Vasant Narasimhan -- Chief Executive Officer

Thank you, Susanne. Thanks, Peter. Next question.

Operator

Your next question comes from the line of Steve Scala from Cowen. Please ask your question. Your line is open.

Steve Scala -- Cowen & Company -- Analyst

Thank you. I have a few. First, on Zolgensma, based on the strong reception in the market, it would seem an average of five to 10 patients could be put on the drug per week in Q3. Would you like to take this opportunity to suggest that that expectation is too aggressive, too conservative, or are you unsure? All of your comments on the call so far have been plural -- "patients," "Rxs," "plans," "contracts" -- so, based on what you've said, it would seem like that would be a good range.

Second, if PARAGON is a clear success or a clear failure, wouldn't you have to issue a top-line release before ESC? So, no top-line release implies fuzzy data at ESC. And then, lastly, what are some reasons why Mayzent cannot duplicate Gilenya's first-year sales, which were nearly $500 million, given a superior profile and label? Thank you.

Vasant Narasimhan -- Chief Executive Officer

Thank you, Steve. Always well-phrased questions from Steve. On Zolgensma, unfortunately, I can't provide specifics on patients per week. I think what we would say is we are in the plurals range on all of the things you mentioned, and so, we continue to see very solid uptake, and we are seeing that uptake every week, and so, I think it's been positive every week in terms of patients, every week in terms of plans, plans in terms of policies, every week as well in terms of contracting. So, good momentum, and we'll look forward to sharing the sales in quarter 3.

In terms of the PARAGON top-line release, John?

John Tsai -- Head of Global Drug Development and Chief Medical Officer

Thanks, Steve. As I've had a chance to look at various clinical trials, especially the large ones in cardiovascular clinicals, we've seen that results are sometimes difficult to interpret because it takes longer for us to either look at subgroups, or sometimes there are secondary endpoints that we need to understand. So, it would be great if it were clear, and it would be great if it were clearly positive, and I think that would be a very easy decision for us to move forward, but obviously, it really depends on the results that we see, and we do have some secondary endpoints as well as some sub-studies, so we'll have to await what those are.

Vasant Narasimhan -- Chief Executive Officer

And then, lastly, on Mayzent, Marie-France, do you want to take that?

Marie-France Tschudin -- President, Novartis Pharmaceuticals

Sure, Vas. Thanks. So, the first thing I would say is that the physicians haven't identified patients so far with SPMS because there has been no medicine in the marketplace. So, as we've said before, this year is all about education. I can give you some data on where we are with the launch. As you know, it is the only product proven to delay disability in active SPMS patients. The awareness is high. We've got more than 90% of neurologists willing to prescribe. Even in my own personal conversations with physicians, there is a lot of appreciation for the EXPAND data. They need a treatment for this patient population. We've also seen a lot of progress in access -- over 70 million lives with preferred access -- but we really need to focus on patient identification, creating a sense of urgency. At the end, we're very confident in the long-term potential of Mayzent, but this year is all about education.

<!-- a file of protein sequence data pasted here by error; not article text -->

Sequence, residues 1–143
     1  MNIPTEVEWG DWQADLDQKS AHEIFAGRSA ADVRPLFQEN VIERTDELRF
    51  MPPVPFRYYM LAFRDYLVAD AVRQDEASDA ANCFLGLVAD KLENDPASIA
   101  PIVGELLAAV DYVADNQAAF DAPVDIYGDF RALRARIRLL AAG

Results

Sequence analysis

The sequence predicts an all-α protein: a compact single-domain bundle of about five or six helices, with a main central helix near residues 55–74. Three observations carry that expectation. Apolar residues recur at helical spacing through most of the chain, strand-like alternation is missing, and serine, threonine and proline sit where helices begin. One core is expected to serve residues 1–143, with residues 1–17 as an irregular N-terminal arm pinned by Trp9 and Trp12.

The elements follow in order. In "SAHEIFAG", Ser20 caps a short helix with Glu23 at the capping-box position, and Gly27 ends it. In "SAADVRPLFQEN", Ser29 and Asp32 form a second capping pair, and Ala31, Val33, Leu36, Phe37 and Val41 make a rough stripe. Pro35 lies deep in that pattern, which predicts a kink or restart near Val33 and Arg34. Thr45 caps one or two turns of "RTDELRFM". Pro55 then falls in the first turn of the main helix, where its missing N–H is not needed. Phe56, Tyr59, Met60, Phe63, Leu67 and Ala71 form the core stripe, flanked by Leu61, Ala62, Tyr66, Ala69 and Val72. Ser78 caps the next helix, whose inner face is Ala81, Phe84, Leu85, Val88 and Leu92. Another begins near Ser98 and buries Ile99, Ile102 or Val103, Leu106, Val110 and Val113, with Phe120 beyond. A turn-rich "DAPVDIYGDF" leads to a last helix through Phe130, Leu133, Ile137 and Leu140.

Vasant Narasimhan -- Chief Executive Officer

Thank you. Next question.

Operator

The next question comes from the line of Florent Cespedes from Société Générale. Please ask your question. Your line is open.

Florent Cespedes -- Société Générale Cross Asset Research -- Analyst

Good afternoon, and thank you for taking my questions. Three quick ones. First, on Entresto, what is behind the sequential acceleration of the sales mainly in Europe -- the guidelines in your recommendations? I'm just wondering what could be the trigger to see such acceleration on the U.S. market. Second question, on Beovu, could you give us more color on your U.S. commercial operations, as your competitors are quite strong and well-established there, and if you have maybe some flexibility to even further expand your U.S. operations on ophthalmology? And, my last question is on Sandoz. So, the division growth is back into positive territories. Do you see some improvement in some areas, or is there any base effects, and is this better performance sustainable? Thank you.

Vasant Narasimhan -- Chief Executive Officer

Great. Thanks. First, on Entresto acceleration, Marie-France?

Marie-France Tschudin -- President, Novartis Pharmaceuticals

So, we see very strong momentum overall, and this is really due to underlying demand. Obviously, the PIONEER data has opened up a new patient segment for us in the in-hospital initiation. We're very confident with the momentum we're seeing across geographies, not only in Europe and the U.S., but I can also say that China is off to a good start. Obviously, the ESC Heart Failure Association consensus paper that positions us in first-line on new-onset and decompensated patients has been very useful for us, and a real endorsement of the product. We're confident Entresto is becoming standard of care across the board, so we will continue to see strong momentum, as I said, worldwide.